The word geofence joined the English language in the mid-1990s. As I type the word “geofence”, Microsoft Word doesn’t correct my spelling—yet, chances are high that if I want to talk with Sam about geofencing, the first thing we would have to do is talk about the word’s definition in plain language.
Sam inspired me to become a plain language fan. It’s not just because we now have the Plain Writing Act of 2010, a federal law that sets the standards for certain government agencies to better communicate with people.
When talking with Sam in plain language, we usually find some great truths. We have to be thinking very clearly to boil stuff down to its essence. And then Sam, always a great thinker, figures out what that essence means and where that new essence belongs in his life.
So, the word “geofence” in plain language: A boundary line on your computer.
We sometimes say that good fences make good neighbors. The poet Robert Frost had more to say about that. In other words, a fence on a computer has meaning, too.
Our local transit agency, DCTA, experimented with a computer fence to offer van rides to the west side of town a few years ago. Sam used that van service to get to work a few times. It was very hard. I rode with him once. First, you had to travel to the fence line, then you could hail the van that only gave you rides inside the fence lines.
The day I went with him, I had to wait a half-hour to ride back to the other side of the fence. While waiting, I saw dozens of DCTA vans driving Peterbilt workers to destinations that I knew were traveling far beyond the fence lines I was traveling in.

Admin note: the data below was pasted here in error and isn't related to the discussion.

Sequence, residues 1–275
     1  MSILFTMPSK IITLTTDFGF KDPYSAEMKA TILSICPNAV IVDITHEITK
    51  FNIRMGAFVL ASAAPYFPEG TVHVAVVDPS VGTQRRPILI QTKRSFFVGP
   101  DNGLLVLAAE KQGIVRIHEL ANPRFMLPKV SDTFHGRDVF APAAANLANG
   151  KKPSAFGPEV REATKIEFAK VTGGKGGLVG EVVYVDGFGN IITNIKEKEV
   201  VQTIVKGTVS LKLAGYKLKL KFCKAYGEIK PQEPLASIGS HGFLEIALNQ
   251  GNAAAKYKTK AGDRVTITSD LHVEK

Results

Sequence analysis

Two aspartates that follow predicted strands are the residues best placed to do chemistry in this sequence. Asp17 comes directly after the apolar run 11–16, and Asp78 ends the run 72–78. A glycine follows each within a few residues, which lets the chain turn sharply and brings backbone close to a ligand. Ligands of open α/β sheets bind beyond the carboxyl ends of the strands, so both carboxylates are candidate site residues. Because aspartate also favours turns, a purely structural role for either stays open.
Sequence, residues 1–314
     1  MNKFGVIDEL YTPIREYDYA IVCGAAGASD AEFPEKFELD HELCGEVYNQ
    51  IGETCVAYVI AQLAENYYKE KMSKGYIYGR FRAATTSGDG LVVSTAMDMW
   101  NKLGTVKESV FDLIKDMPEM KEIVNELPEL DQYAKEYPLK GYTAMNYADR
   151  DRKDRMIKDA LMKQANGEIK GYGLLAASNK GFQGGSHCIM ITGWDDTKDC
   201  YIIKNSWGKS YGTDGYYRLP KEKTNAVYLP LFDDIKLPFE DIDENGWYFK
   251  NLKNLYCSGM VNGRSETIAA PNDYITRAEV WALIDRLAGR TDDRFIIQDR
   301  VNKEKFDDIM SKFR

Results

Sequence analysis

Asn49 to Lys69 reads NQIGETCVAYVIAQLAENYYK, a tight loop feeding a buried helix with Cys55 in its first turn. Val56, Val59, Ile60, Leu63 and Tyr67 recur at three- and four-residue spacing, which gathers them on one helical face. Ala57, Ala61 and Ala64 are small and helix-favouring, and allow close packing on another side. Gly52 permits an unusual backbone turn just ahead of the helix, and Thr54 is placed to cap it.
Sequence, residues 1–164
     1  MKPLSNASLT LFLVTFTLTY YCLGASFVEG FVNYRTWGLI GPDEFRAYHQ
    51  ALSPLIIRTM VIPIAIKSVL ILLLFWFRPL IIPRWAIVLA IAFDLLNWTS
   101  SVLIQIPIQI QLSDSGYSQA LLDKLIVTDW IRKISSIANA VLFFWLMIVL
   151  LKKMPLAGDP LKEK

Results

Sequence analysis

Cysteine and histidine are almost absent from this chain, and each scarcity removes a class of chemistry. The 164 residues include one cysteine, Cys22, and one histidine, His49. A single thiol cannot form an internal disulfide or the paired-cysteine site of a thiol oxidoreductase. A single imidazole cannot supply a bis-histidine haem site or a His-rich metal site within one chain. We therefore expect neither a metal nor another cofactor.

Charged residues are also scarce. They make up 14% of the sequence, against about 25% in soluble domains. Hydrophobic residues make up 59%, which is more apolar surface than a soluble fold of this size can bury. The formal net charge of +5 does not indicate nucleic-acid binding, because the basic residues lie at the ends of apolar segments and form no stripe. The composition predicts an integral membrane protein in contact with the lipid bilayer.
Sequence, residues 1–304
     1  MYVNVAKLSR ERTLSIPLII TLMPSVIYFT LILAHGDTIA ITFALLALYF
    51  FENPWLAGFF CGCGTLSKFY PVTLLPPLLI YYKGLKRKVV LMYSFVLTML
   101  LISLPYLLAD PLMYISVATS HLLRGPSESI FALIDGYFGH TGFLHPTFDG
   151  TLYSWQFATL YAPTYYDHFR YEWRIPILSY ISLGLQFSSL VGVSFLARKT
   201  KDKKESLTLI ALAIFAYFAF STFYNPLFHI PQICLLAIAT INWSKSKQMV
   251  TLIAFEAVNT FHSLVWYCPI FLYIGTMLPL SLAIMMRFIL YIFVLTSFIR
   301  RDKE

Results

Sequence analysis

Recently, our transit agency has drawn new fence lines for van rides. At first glance, the big pasture of service seems generous. But at the same time, they also cut most of the buses whose lines weren’t fences, but veins.
Suddenly, yet predictably, too many riders are coming from certain areas. DCTA says they may “geofence to manage demand.”
Or, in plain language: they will draw lines that push riders out.
Sam has told me more than once that he wants to ride bus to work. I began to doubt whether that would ever happen after I saw the long line of Peterbilt-subsidized DCTA vanpools. Then, when an apartment developer paid extra for DCTA to run a bus to its massive apartment complex adjacent to the warehouse district (beyond even the millions UNT pays DCTA to run buses), I gave up hope. We don’t, and probably won’t ever, have a system to serve the thousands of people like Sam, who can make their lives better with the mobility that connects them to economic opportunities–let alone the magical world that exists for all of us when our community has that kind of mobility.
Some politicians (and their constituents, of course) will always be attracted to lines like geofencing. Playground games follow the boundary lines. Winners and losers are determined by the lines. And, as we all know, some kids aren’t allowed inside the boundaries to play at all.
I doubt our transit agency board recognizes the deepest meaning of its actions as it draws these lines. The longer they allow those fence lines to exist on computers, the more those lines become real-life walls.